Russia is in the process of receiving large quantities of ammunition from North Korea, according to the American ISW Institute. But one expert tells VG that it is not enough to win the war.
American Think Tank Institute for the Study of War (ISW) He relays information from the Estonian intelligence service that North Korea has supplied Russia with up to half a million artillery shells.
Joakim Pasikevi, a lieutenant colonel at the Swedish Defense Academy, read the same information from Estonian intelligence. He says to VG:
– It is possible that these numbers are correct, but in this case the consumption is one month with the current imaging intensity.
– Supplies from North Korea make it possible for Russia to continue waging the war at the same level for a long time – but they do not make it able to win the war, Pasekivi believes.
Reliable information indicates that Russia fired approximately 10 million artillery shells in 2022, with a production production of about two million. This means that the intensity of shooting is no longer what it was before. We also have reliable information about that.
– Pasekivi believes that North Korea’s ammunition supplies are not large enough to help Russia win the war.
This was stated by the head of Estonian military intelligence, Ants Kiviselj, to the country’s state television ISR:
- North Korea has sent up to 1,000 ammunition containers to Russia.
- Each container contains between 300 and 500 artillery shells.
- In total, it would thus be 300,000-500,000.
- Russia has approximately four million artillery shells “in stock.”
So ISW finds the information so credible that they pass it on.
Western sources and satellite images confirm that North Korean shipments, which may consist mostly of artillery shells, have increased significantly since Russian and North Korean authorities likely began more formal military-technical cooperation in September, wrote ISW, which believes that More ammo required. Coming from North Korea.
Based on Western estimates of Russian artillery production capacity and continued North Korean artillery exports, Russia will likely be able to maintain generally adequate rates of fire for the foreseeable future, the Institute for the Study of War continues.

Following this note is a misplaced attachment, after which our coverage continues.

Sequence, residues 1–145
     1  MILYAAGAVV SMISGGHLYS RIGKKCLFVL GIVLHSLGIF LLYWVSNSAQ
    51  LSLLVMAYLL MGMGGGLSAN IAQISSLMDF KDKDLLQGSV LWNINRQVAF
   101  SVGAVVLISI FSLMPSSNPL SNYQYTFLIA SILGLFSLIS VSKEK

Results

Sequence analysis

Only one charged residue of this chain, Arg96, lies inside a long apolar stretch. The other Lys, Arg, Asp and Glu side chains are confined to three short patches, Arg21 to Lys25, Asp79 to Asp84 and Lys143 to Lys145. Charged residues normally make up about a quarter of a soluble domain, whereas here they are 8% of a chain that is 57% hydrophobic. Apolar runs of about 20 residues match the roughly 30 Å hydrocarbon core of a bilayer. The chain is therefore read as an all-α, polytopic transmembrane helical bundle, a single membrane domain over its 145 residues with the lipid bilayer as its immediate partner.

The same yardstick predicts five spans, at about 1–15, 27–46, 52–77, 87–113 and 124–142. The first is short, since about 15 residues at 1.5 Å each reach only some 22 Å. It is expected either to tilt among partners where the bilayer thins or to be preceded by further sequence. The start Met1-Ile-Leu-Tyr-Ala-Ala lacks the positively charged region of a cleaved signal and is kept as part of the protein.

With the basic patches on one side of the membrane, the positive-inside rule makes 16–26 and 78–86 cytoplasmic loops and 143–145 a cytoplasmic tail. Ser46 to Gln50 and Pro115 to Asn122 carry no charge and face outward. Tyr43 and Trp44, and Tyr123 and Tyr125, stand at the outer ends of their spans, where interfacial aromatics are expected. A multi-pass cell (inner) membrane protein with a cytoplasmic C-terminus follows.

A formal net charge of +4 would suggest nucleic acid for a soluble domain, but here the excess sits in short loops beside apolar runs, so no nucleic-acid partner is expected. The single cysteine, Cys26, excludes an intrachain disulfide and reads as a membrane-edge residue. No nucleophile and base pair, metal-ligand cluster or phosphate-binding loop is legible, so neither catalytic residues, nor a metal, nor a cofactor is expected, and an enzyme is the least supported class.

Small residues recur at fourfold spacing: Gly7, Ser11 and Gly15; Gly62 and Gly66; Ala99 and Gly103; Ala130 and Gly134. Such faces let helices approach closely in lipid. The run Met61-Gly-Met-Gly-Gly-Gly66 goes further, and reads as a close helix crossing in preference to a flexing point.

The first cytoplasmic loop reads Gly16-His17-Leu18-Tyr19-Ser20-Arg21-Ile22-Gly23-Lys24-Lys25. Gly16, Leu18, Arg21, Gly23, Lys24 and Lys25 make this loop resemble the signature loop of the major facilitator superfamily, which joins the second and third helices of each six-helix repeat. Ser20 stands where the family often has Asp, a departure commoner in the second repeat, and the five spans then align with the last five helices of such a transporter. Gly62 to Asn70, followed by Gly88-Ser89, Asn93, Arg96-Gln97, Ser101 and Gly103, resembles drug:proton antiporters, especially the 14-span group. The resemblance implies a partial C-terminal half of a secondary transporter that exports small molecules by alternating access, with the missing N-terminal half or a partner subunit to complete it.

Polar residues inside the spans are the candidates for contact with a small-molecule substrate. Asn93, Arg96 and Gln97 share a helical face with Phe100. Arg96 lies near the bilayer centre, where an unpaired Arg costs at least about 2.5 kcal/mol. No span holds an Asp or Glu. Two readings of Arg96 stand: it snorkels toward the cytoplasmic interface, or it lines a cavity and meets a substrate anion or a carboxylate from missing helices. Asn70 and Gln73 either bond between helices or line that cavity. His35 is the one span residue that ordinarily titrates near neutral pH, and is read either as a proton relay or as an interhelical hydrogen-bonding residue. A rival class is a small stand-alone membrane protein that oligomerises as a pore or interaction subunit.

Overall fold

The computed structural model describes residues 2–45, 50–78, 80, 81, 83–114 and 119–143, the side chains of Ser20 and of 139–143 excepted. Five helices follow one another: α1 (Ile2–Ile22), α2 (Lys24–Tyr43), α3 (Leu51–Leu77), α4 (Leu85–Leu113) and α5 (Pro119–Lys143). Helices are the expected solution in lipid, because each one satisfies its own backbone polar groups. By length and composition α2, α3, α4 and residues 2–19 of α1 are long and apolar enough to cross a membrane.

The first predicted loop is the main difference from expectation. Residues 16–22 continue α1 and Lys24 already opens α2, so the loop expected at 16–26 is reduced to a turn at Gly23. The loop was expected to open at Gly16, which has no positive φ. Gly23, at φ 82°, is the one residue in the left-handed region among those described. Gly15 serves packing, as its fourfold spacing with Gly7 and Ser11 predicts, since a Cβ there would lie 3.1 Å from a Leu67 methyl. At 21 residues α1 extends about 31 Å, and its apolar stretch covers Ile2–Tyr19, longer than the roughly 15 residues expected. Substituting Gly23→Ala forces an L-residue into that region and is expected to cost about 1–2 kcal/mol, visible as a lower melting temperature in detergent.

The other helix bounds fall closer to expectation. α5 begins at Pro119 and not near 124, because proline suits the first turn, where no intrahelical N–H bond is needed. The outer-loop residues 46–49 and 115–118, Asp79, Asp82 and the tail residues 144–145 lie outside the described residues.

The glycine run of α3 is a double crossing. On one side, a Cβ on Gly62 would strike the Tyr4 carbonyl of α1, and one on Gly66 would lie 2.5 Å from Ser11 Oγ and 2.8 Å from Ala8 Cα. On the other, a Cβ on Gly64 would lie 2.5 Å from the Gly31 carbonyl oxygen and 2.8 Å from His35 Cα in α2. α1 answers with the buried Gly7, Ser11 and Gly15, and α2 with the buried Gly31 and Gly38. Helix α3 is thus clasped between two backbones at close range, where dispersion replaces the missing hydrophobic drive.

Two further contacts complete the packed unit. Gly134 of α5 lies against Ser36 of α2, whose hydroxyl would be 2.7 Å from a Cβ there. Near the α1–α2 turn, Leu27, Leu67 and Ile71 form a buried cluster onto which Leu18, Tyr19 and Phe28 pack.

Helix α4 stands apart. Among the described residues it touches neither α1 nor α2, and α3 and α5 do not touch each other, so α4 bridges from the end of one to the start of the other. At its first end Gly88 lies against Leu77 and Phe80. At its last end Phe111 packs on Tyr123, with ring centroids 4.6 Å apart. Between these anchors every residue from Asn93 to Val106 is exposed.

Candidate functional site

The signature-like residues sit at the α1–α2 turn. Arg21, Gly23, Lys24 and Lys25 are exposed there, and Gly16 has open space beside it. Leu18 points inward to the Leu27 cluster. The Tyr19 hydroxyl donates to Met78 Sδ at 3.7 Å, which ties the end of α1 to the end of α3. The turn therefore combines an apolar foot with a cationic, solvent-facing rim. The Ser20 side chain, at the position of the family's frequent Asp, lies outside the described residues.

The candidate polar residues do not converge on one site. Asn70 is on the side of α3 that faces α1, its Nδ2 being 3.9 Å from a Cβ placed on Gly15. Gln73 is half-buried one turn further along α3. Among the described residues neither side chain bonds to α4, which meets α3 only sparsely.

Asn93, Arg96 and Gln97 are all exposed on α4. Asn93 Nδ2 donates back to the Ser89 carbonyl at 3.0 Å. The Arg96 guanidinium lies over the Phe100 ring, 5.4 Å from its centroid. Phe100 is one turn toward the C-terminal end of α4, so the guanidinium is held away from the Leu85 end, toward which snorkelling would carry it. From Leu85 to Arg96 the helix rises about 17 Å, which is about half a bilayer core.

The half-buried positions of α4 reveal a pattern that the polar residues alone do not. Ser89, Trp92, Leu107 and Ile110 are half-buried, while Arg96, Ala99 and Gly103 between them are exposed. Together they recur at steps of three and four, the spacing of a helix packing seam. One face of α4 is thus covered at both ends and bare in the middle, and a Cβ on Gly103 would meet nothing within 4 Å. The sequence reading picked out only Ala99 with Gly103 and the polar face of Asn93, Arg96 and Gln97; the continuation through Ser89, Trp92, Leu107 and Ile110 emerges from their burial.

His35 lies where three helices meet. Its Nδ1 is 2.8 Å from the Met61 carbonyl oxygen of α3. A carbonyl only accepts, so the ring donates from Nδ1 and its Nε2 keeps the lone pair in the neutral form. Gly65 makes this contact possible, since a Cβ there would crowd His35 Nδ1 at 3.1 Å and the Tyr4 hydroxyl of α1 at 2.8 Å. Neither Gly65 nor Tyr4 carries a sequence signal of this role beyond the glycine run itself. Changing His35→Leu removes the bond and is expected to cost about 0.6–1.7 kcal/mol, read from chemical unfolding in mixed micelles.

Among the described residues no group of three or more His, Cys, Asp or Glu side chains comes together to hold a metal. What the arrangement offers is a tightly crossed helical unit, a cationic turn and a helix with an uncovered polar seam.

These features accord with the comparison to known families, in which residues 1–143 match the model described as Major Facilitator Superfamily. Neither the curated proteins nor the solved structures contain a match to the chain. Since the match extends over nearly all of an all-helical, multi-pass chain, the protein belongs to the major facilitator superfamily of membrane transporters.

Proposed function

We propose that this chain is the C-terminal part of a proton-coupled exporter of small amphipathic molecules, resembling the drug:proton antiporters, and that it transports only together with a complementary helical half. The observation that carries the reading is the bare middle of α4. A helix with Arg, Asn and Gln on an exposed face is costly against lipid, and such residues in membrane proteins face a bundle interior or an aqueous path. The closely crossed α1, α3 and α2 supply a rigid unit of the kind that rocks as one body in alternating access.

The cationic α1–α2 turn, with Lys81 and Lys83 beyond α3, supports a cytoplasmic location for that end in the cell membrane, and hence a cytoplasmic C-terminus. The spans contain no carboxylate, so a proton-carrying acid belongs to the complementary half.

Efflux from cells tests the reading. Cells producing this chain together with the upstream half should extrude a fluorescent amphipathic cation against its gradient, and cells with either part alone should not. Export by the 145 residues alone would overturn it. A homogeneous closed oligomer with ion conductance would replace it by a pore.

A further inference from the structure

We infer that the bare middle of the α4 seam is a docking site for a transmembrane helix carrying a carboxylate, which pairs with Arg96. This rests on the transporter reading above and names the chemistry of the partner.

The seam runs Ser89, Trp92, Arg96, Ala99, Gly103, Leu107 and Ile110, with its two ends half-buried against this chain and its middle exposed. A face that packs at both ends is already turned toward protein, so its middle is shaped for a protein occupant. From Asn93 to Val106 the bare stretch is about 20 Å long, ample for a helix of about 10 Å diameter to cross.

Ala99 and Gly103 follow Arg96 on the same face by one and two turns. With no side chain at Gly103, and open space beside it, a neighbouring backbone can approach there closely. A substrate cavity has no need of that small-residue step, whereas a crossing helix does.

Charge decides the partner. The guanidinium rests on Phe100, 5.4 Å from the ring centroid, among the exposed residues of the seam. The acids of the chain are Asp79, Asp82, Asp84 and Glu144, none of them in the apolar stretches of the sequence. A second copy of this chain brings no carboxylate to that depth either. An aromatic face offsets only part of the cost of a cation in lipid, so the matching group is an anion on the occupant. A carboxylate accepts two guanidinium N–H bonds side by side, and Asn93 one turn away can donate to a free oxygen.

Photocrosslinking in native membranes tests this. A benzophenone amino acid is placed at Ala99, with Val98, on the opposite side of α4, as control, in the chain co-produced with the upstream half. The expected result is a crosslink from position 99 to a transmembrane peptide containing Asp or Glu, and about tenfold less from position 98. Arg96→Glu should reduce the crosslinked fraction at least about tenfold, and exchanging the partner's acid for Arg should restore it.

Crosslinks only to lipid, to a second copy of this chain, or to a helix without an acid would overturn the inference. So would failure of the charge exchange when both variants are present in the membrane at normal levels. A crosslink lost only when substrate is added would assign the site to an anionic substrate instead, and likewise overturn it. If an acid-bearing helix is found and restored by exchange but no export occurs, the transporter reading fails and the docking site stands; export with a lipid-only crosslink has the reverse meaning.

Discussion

On Wednesday, South Korea, the United States and Japan condemned arms shipments from North Korea to Russia.
Lieutenant Colonel Basikivi for VG:
– Russia has the ammunition to wage war at the same level for a long time – but this hardly makes it possible to carry out new attacks.
ISW has the same rating:
– The lower intensity of Russian fire will not in itself give Ukraine any advantage. Foreign supplies of ammunition will be key to whether Ukraine is able to maintain its firing intensity in 2024.
Lieutenant Colonel and researcher at the Norwegian Military Academy, Trygve Smit, points out that the Russians are still holding on to their positions with heavy artillery in the Ukrainian town of Avdiivka – where Russia and Ukraine have been waging fierce battles throughout the past week.
– This may be an indication that they received more ammunition, and that they waited to start the attack until they had more, Smit says.
– This may also be true considering that trains loaded with ammunition from North Korea arrived in Russia just before the attack began. This is plausible, but it cannot be said with certainty that North Korea is behind it, as is believed.
Dmitry Peskov, Vladimir Putin’s spokesman, said last week that there is no evidence that North Korea is supplying Russia with ammunition:
Peskov said, according to the report, “The allegations come from both British and American intelligence, but without providing evidence for this.” Rhea.
North Korean leader Kim Jong Un paid an exciting visit to President Putin in September. Defense Minister Sergei Shoigu was in North Korea in July, and Foreign Minister Sergei Lavrov visited Pyongyang last week.
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